On Feb. 13, 2018, our son Joaquin Oliver watched his idol, Shaun White, win another gold medal at the Winter Olympics. He tweeted: “I love you Shaun White.” That was his last tweet. Then he asked his Dad to help him put together some flowers that he was bringing to Tori, his girlfriend, for Valentine’s Day. Joaquin was shot four times by a 19-year-old boy who used his credit card to purchase a Smith and Wesson AR-15, plus enough ammunition to kill our son and 16 others as well as injure 17 more during a rampage of less than 7 minutes inside his high school in Parkland, Fla.
Joaquin (“Guac”) was 17, a senior at Marjory Stoneman Douglas High School. A fun, happy kid, always surrounded by friends and by us.
Having left Venezuela in 2003, we decided to look for a better future in America. We expected our family to be safe in Parkland, which was known for having some of the best public schools in the nation. Weeks after Joaquin was killed, we began to learn more about gun violence in this country. While the national laws are weak and result in nearly 200,000 gun deaths and injuries each year, some states have passed gun laws that work to keep guns out of the hands of dangerous individuals. Unfortunately, Florida is not one of those states.
Your state, Massachusetts, has some of the most effective gun laws and is continually among the states with the lowest gun-death rates in the nation. Massachusetts has renewable licensing and registration for all gun owners, just like for automobiles. Massachusetts also gives police chiefs discretion in issuing gun licenses and keeps guns legally out of the hands of dangerous individuals with a known history of violence.
We learned that if Florida had enacted the same gun laws that Massachusetts has, our son would likely be alive today. So we partnered with Boston-based Stop Handgun Violence to install a billboard in Boston’s Back Bay with a picture of our son and the words: “If I had attended high school in Massachusetts instead of Parkland Florida, I would likely be alive today.” In fact, if every state had the same firearm fatality rate as Massachusetts, over 27,000 lives lost nationally each year would be saved.
Since we lost our son on Valentine’s Day 2018, our lives have changed forever. We now dedicate every day to Joaquin and helping prevent senseless gun violence from happening to other families. We are working to hold our elected officials accountable, and we’re fighting to replicate your state’s strong laws across the country. We started an organization, Change the Ref; we have spoken at events, marched with students, and have showcased more than 35 art installations with a message to disrupt the current inertia to protest gun violence in this country.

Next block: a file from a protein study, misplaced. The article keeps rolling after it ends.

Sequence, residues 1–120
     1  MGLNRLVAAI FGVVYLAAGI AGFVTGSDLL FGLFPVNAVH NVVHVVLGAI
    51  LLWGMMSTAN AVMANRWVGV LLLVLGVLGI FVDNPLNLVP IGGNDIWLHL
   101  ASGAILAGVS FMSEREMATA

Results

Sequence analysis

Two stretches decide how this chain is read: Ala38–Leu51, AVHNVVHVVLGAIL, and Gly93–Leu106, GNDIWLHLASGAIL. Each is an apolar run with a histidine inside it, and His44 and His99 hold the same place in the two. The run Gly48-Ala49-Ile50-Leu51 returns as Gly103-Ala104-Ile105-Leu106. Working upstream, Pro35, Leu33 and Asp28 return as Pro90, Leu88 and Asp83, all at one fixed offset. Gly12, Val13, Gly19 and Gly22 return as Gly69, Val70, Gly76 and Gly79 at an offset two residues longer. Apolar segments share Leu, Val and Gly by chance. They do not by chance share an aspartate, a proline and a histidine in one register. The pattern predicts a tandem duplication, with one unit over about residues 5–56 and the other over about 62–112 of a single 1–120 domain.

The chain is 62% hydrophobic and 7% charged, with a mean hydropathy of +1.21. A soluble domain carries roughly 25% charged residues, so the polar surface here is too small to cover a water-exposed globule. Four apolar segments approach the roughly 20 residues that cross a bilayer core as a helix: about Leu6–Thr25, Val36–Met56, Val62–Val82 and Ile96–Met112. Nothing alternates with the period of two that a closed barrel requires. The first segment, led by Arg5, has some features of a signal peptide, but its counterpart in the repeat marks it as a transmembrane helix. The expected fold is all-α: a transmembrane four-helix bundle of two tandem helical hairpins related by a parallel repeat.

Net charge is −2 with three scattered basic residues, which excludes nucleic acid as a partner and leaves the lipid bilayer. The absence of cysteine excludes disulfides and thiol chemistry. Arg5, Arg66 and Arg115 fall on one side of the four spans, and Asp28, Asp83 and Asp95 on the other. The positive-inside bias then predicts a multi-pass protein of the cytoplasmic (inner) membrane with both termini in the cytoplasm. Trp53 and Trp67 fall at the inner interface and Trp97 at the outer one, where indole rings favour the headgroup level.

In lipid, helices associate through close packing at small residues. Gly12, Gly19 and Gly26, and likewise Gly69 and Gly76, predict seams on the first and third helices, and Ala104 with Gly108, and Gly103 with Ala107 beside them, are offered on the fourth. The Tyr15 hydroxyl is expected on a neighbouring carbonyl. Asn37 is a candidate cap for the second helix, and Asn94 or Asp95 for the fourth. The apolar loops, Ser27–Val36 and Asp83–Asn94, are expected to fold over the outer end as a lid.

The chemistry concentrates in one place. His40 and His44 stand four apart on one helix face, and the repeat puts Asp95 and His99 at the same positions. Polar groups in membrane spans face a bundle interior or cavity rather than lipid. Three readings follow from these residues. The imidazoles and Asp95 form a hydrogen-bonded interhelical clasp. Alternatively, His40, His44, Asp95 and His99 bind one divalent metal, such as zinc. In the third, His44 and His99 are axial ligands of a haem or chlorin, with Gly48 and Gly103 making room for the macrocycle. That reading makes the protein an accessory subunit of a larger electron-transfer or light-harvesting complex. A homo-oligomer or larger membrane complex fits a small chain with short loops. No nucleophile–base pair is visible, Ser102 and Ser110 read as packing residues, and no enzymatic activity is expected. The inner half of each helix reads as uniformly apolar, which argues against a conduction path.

Sometimes our activism makes people uncomfortable. People tell us that we are being too aggressive and confrontational with elected officials and gun rights enthusiasts. We do not care. Our son was taken from us, and we no longer get to be comfortable. A child is shot every 30 minutes in America, and every three hours another kid under 19 is killed by firearms. There is a mass shooting every single day in America. We refuse to put up with the status quo any longer. Whatever it takes to save another family from this pain is worth whatever discomfort we may impose upon elected officials who refuse to stand up to the gun lobby and enact gun laws.
This afternoon, in New York City we will be unveiling our 17th wall, and it is a colossal one.
But we’re not done.
We will continue to partner with student activists, elected leaders, victims, and survivors who share our pain and understand our loss. We will continue to highlight Massachusetts and partner with advocates like Stop Handgun Violence who have the institutional knowledge from years of work and have proved the gun lobby’s worst nightmare: Gun laws save lives. We will also continue to partner with courageous elected state leaders like Massachusetts House Speaker Robert DeLeo, Governor Charlie Baker, and Attorney General Maura Healey, who responsibly prioritize the lives of their constituents over the blood money donations from the gun lobby.
Five years before Joaquin was killed, he was 13-year-old and wrote a paper for his class in middle school: “I am writing this letter to talk to you about how we are going to solve this gun law movement. . . . Why are you mad about that there is a background check? May be you are fond with having crazy people with death machines. You shouldn’t have anything against background check if you are innocent”
We are fighting for his vision of a safer America.
Our son will not just be another victim of gun violence in this country. Joaquin Oliver will be an eternal activist, and together we will dramatically reduce gun violence in America.
Manuel and Patricia Oliver of Parkland, Fla. are the parents of Joaquin “Guac” Oliver (2000-2018).